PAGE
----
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Response, Phil Wickham - CD Review

By Ed Rotheram on October 04, 2011

There seems to be an encouraging oneness to many of the worship albums that have been released in recent months. God is igniting an awakening in our hearts, one that would see His Spirit pour out over all of us, and see Heaven invade earth. In the opening track of Phil Wickham’s new Response album, we see this message of yearning carried through with “Heaven Fall Down”:

“As our praises rise, may Your Presence fall,

Heaven, Heaven Fall Down Spirit, Spirit pour out on us all now”

As He reveals Himself through His Presence, the hearts of His people have little choice but to respond to Him with praise and adoration. This message is repeated throughout the album, that our worship is a response to a God who is longing for His people to cry out to Him.

In a similar vein to the opener, Phil’s version of “At Your Name” (co-written with Tim Hughes) carries the message that we see time and again throughout the Bible - that at the mention of Jesus’ name, light comes to dark places, angels bow and praise resounds. This version is a little quicker and rockier than Tim’s version on his recent Love Shine Through release - it actually shares more similarities with the live version that Worship Central produced on their worship night in London earlier this year. The simple arrangement of guitar, bass, drums, and keys, coupled with an anthemic chorus, lends itself perfectly to congregational worship - this one has become a firm favorite in our church’s worship sets.

One of my favorite tracks on the album is the lively “This is the Day”. Stylistically this is very heavily influenced by the more recent Coldplay sound - think X&Y meets Viva La Vida and you’ll get the picture. Although this song could easily come across as being fairly complicated to reproduce in your home church, it is actually built on several layers of texture, and I could see this being fairly easy to strip back to a more acoustic-led sound.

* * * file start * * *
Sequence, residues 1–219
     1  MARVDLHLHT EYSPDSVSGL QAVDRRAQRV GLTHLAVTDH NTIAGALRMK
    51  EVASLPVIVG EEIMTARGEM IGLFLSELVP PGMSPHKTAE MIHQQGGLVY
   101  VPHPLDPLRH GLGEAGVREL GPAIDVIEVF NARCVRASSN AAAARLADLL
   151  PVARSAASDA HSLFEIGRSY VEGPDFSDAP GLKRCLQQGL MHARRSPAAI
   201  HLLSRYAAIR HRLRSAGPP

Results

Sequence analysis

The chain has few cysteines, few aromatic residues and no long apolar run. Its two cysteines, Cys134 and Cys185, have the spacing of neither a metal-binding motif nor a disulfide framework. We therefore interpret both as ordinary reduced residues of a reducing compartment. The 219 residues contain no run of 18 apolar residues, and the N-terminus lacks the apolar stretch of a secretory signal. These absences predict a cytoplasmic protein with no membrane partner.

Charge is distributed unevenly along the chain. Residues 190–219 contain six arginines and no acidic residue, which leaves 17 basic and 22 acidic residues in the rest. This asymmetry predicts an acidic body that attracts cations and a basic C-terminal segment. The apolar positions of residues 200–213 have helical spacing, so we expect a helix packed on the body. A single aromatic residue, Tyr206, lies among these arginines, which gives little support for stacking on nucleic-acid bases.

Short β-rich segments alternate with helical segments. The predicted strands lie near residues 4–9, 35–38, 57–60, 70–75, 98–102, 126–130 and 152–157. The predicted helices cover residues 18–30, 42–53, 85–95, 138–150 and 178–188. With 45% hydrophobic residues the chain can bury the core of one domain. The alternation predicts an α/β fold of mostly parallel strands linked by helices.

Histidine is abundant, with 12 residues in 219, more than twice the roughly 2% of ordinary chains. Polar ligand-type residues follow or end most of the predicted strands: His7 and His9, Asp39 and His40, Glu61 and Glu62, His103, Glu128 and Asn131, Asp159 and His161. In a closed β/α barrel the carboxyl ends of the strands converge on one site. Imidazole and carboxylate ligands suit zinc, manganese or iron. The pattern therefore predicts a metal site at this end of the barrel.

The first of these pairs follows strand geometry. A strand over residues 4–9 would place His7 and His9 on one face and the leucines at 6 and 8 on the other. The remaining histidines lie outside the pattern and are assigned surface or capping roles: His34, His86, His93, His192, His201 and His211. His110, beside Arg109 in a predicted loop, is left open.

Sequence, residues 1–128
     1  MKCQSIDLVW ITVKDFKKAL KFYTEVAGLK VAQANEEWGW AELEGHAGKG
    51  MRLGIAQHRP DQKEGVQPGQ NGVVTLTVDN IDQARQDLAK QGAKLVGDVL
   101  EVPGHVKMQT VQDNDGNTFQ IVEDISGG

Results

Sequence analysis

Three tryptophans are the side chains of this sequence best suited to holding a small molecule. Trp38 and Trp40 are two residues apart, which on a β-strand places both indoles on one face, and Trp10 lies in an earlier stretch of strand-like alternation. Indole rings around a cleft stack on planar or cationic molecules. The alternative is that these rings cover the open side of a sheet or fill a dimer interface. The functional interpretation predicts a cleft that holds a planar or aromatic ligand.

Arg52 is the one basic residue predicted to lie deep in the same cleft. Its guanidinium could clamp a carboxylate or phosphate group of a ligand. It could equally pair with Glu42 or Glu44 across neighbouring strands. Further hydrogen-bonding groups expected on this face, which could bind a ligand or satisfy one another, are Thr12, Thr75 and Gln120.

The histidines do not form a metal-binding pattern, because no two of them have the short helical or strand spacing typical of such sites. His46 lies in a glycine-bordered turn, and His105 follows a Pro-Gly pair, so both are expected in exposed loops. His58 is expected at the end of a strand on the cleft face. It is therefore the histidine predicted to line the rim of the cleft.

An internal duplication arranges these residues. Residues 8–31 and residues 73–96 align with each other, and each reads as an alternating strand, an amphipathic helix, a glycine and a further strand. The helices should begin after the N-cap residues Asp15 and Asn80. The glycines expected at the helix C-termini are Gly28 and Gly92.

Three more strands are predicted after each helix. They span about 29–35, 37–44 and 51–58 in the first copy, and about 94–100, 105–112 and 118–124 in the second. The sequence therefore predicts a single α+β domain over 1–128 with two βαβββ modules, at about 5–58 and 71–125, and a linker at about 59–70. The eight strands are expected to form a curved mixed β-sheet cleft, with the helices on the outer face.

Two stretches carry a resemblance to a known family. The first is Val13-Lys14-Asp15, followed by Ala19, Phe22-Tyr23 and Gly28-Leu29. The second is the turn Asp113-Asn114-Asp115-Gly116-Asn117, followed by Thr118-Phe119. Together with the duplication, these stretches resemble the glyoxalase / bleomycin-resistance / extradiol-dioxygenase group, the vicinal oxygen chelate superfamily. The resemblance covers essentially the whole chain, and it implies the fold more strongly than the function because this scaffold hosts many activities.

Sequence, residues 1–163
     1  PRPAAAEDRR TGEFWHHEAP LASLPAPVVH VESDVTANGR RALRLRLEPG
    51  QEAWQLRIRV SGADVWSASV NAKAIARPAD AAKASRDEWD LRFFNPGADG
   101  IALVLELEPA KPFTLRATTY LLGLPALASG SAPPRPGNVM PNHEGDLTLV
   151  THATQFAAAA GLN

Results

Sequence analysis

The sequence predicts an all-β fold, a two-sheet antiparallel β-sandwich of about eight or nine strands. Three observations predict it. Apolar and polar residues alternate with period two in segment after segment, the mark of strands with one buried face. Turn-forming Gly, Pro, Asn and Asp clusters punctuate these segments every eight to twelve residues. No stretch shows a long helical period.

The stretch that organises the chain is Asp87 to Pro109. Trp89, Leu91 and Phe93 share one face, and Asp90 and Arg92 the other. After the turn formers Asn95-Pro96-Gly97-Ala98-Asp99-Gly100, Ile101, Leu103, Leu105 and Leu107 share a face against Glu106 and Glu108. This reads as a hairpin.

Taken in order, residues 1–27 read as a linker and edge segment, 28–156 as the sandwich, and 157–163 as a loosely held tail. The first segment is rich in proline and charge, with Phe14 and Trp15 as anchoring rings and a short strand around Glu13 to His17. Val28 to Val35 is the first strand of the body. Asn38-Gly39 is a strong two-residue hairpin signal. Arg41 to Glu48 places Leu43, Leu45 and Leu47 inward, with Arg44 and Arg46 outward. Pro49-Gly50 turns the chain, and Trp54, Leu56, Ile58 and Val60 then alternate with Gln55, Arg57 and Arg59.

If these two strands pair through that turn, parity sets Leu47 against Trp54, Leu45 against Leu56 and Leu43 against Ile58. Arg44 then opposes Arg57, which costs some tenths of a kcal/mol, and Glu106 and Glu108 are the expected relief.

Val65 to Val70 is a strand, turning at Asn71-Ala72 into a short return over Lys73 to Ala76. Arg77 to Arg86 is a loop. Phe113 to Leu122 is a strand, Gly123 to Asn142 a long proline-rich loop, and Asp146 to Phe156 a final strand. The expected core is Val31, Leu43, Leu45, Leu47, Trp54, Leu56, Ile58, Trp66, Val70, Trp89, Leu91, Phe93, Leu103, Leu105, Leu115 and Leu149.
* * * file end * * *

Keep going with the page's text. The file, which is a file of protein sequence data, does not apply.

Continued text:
Somewhat ironically, “All I Want Is You” reminds me of U2 in their Joshua Tree era. A strong looped drumbeat sits well with a subtle backing of bass and keys, with a progressive chord sequence that guides you through the track. The subtlety on this track is something to admire - the guitar is constantly providing little licks at the end of vocal lines that keep the song going, with the layering of the backing vocals in the choruses working equally well.

One of the key dilemmas facing prominent worship leaders such as Phil must surely be how to keep songs interesting and new, while making them accessible to church worship teams. “This Love Will Last Forever” sits, in my opinion, right in the middle of this debate - the words to the song are great for congregational worship, and yet one can’t help but feel the song may sound somewhat predictable if the delayed guitar riffs in the song were removed, or even modified. It will be interesting to see how this song plays out live over the coming months.

I must confess I’d not listened to much of Phil’s studio work before this - though the strength of this album has now seen me purchase his entire back catalogue. I like his sound, and his songwriting has a quality and a richness that one can only stand back and admire. This album fits wonderfully into the fold of current worship albums - a worthy addition to a great year for worship releases.

-Review by Ed Rotheram

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